I'm not sure that Unitarianism is really a religion. All the Unitarians that I know tell me that Unitarian doctrine allows them to believe whatever they want including being an atheist.

 

Unitarian Universalism is indeed a religion, but it does not have a "doctrine," and saying Unitarians can believe "whatever they want" is a vast oversimplification.

 

From the UUA website: "If you're searching for a religious home that is guided by a quest for truth and meaning, not by a set creed or dogma, we invite you to discover Unitarian Universalism. We are a caring, openminded religious community that encourages you to seek your own spiritual path. Unitarian Universalist congregations are places where people gather to nurture their spirits and put their faith into action by helping to make our communitiesand the worlda better place.

 

And from elsewhere on the UUA website:

 

"There are seven principles which Unitarian Universalist congregations affirm and promote:

 

* The inherent worth and dignity of every person;

* Justice, equity and compassion in human relations;

* Acceptance of one another and encouragement to spiritual growth in our congregations;

* A free and responsible search for truth and meaning;

* The right of conscience and the use of the democratic process within our congregations and in society at large;

* The goal of world community with peace, liberty, and justice for all;

* Respect for the interdependent web of all existence of which we are a part."

 

One of the funadmentals of a religion is that the adherents believe pretty much the same thing. However, Unitarians say that you can believe that life is a bowl of jell-o and I can believe that we live on the back on an ant. That's not a religion, that's a group of people with differing beliefs that just want to hang out together and get a tax break.

 

Not a very polite statement, and more than a little insulting.

 

Scoutmomma

 

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"Unitarian Universalism is indeed a religion, but it does not have a "doctrine," and saying Unitarians can believe "whatever they want" is a vast oversimplification."

 

That's what my Unitarian friends tell me.

 

"where people gather to nurture their spirits and put their faith into action "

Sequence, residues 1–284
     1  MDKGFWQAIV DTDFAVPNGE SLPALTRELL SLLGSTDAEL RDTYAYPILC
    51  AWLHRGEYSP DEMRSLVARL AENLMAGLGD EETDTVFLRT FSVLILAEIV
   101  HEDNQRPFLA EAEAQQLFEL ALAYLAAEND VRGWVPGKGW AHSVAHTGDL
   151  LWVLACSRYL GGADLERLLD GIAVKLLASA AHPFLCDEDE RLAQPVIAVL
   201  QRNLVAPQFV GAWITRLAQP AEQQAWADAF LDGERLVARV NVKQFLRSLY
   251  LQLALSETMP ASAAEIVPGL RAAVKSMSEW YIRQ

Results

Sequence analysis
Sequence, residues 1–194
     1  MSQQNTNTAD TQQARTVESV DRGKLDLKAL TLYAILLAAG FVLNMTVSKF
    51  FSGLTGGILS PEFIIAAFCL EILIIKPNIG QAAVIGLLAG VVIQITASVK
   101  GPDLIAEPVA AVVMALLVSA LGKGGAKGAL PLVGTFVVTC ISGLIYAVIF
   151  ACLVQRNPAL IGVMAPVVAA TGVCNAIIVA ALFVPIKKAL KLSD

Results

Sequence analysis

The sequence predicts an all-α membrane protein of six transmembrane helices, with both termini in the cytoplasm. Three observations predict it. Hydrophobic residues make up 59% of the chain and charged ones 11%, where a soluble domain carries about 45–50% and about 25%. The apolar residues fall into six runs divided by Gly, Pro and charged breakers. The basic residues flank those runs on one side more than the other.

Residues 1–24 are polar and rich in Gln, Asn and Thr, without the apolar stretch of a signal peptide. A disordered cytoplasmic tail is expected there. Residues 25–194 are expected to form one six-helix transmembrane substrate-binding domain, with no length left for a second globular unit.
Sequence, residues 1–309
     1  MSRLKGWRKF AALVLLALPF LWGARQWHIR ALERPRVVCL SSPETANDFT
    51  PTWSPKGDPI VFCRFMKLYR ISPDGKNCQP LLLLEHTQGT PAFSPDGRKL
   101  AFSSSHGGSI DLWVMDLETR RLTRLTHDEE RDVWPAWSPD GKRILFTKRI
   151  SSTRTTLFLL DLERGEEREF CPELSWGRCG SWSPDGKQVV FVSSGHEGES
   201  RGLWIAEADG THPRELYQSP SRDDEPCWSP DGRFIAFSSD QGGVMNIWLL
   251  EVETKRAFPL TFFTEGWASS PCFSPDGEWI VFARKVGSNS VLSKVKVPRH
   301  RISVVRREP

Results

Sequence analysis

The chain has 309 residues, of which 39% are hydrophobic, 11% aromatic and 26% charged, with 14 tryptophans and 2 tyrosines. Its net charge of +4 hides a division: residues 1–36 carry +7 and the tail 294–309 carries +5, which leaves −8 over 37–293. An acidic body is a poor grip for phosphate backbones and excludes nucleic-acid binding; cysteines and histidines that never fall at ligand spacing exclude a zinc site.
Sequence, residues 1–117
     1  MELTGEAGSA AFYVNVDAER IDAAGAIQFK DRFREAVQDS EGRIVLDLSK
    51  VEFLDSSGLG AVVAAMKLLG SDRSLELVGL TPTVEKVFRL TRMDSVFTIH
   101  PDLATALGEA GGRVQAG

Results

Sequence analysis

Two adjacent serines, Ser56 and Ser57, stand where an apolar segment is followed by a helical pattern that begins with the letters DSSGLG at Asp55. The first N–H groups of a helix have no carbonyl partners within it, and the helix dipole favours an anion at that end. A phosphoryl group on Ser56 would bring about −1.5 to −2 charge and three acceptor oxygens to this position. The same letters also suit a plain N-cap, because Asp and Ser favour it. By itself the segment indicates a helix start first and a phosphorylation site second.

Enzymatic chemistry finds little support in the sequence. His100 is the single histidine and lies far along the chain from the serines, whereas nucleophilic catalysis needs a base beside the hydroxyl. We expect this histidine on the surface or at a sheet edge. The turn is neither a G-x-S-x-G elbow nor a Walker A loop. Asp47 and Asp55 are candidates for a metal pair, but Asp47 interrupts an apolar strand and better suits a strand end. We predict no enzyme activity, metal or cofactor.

Sounds good but faith isn't required.

 

"Not a very polite statement, and more than a little insulting"

 

Ah, you must be one of those "unwelcome" unitarians.

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"Unitarian Universalism is indeed a religion, but it does not have a "doctrine," and saying Unitarians can believe "whatever they want" is a vast oversimplification."

 

That's what my Unitarian friends tell me.

 

"where people gather to nurture their spirits and put their faith into action "

 

Sounds good but faith isn't required.

 

"Not a very polite statement, and more than a little insulting"

 

Ah, you must be one of those "unwelcome" unitarians.

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@Goldwinger:

Dressing up as old Adolf or promoting the return of the Nazi party is a Federal offence here.

It has nothing to do with some club bylaws or regulations. It is, simply spoken, forbidden by law.

 

@CA Scouter:

Of course, Im using a wide brush here. Most BSA members probably know that somethings not right but they are not effected by that and for them most, if not all, is well. They probably comfort themselves with theres always something or I cant change it anyway.

 

@eolesen:

Most people probably dont find the actual scouting program bad at all. However, we should try to separate the actual scouting part from politics and doctrines. It seems like the BSA is a dictatorship. You sign on and follow the lead or you leave the organisation. There doesnt seem to be any alternative. The almighty entity BSA makes a decision (based on whatever knowledge or information) and the membership nods and says yes.

And you are absolutely sure that this lemming-like approach is right? Are these the values which you want your kids to learn? Do it like the ostrich and stick your head into the sand.